Now, we process the elements in the @core variable using the foreach loop. With the foreach loop, we assign the current element of @core to the variable $file for the duration of the loop. Once again, we perform another test, but this time we check to see whether or not we have write permission to the core file as specified by the $file variable. If we do not have write permission to the file, we can’t delete it. We could eliminate this check and have the script print a bunch of “permission denied” errors to the screen, but we’ve gone to all this trouble to keep the interface clean, so we might as well continue with the trend.

In this case, we use the “-w” test, which is native to Perl, to see whether we can write to the file. If we can, we execute a system call to forcibly remove the file and then print “Deleted [filename]” to the screen. If we do not have write permission, we don’t try to remove the file and simply print “You do not have permission to delete [filename]!” to the console.

The foreach loop will go through each element of the @core array, so it will process every core file that find reported. Once this is done, we exit with an exit value of 0, which means the program exited successfully.

Finally, if @core is empty, we print the string “No core files found!” to the console and also exit with an exit value of 0.

All about presentation
This script could have easily been a one-line BASH script if we didn’t care about presentation. We do, however, care about presentation, and all we want to see on the screen is the important data. A long display of “permission denied” messages are of absolutely no interest to us, so we took a little bit of time to write a nice Perl wrapper around two basic commands: find and rm. The result is a nice professional-looking output from a relatively basic Perl program.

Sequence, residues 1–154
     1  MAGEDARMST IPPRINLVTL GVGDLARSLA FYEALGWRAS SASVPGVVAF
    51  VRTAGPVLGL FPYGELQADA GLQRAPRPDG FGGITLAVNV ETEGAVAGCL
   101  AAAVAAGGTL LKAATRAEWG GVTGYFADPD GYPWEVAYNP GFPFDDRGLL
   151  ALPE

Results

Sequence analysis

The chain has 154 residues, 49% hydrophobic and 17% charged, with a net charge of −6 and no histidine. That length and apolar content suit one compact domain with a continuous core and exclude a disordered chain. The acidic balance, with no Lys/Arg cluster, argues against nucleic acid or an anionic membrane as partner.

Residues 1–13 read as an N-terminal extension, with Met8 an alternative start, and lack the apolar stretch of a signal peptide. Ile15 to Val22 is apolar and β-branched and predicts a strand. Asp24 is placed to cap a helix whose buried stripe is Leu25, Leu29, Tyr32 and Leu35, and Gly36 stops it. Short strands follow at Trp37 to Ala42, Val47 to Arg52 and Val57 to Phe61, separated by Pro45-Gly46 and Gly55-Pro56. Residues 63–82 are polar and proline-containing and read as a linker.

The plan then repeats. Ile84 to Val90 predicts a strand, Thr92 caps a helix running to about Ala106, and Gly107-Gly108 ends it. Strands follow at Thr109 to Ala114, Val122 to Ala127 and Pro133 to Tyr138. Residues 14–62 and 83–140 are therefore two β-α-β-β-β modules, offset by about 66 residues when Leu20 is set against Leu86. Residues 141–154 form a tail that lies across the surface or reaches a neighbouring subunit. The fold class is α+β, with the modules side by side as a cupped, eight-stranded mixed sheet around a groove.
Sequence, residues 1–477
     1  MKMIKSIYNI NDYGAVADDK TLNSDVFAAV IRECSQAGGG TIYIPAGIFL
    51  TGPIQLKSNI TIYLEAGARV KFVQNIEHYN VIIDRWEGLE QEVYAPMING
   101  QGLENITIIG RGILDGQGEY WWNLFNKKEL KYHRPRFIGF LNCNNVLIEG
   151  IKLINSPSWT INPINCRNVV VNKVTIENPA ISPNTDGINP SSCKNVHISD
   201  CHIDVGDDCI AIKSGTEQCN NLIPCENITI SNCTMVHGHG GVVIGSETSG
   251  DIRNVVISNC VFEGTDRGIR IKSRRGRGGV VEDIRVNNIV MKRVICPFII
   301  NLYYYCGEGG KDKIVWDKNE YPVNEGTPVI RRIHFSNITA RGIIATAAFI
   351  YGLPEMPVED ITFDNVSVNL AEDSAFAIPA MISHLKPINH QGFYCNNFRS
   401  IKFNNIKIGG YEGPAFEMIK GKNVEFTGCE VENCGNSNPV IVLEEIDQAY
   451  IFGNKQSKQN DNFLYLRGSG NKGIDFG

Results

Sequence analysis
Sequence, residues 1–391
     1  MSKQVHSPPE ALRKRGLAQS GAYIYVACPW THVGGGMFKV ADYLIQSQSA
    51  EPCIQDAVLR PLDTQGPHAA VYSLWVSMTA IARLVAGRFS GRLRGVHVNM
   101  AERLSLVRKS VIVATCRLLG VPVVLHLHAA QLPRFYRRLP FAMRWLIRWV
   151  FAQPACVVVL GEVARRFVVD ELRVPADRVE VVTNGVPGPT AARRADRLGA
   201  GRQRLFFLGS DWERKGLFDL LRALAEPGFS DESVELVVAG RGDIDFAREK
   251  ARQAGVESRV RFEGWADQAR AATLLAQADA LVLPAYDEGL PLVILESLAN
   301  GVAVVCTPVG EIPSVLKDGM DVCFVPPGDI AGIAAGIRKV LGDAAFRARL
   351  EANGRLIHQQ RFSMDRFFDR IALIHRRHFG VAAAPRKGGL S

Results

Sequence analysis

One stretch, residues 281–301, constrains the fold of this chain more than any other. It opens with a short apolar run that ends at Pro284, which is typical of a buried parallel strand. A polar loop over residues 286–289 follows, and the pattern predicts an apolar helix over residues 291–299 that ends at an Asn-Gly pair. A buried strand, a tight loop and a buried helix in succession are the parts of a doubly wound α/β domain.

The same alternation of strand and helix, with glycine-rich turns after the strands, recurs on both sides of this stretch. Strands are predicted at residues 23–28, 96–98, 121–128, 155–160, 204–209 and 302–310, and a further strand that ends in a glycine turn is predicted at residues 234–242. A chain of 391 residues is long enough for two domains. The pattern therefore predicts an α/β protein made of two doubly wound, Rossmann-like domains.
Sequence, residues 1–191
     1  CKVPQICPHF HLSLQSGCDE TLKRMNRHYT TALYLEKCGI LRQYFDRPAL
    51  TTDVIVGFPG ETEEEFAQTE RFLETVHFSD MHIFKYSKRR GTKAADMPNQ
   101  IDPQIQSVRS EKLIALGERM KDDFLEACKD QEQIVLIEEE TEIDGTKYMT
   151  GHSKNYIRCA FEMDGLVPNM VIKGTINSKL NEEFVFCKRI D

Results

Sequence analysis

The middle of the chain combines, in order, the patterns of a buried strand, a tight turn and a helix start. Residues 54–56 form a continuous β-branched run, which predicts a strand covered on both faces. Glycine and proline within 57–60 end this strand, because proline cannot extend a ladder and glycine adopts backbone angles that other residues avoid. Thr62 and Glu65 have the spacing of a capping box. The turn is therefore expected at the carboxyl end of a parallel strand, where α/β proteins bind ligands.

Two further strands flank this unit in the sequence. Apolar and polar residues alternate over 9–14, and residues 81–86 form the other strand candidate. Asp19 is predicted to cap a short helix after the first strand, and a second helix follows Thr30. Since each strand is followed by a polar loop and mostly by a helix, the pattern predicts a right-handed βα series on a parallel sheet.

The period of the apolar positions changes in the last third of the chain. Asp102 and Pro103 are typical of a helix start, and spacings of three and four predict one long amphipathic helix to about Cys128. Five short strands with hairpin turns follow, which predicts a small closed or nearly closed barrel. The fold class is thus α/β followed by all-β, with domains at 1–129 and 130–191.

Once again, we see that Perl is a versatile tool and exceptionally useful for basic system administration. Those who think that Perl is only good for CGI scripts really don’t understand how flexible the language can be for basic everyday use.

If you look at the last Script Teez, you will realize that the basic fundamentals are the same. Both scripts have the same basic function: finding certain files. The actions that are run on the returned files are the differing factor here. Last month we simply reported on the found files, while this month we remove the found files. The uses for this kind of script are infinite. You can modify the script to go through your system and remove a certain type of file, whether you want to remove a bunch of text files matching a certain file pattern or you want to remove all backup files. It’s also simple enough that someone without a great understanding of Perl can make use of it for a variety of situations.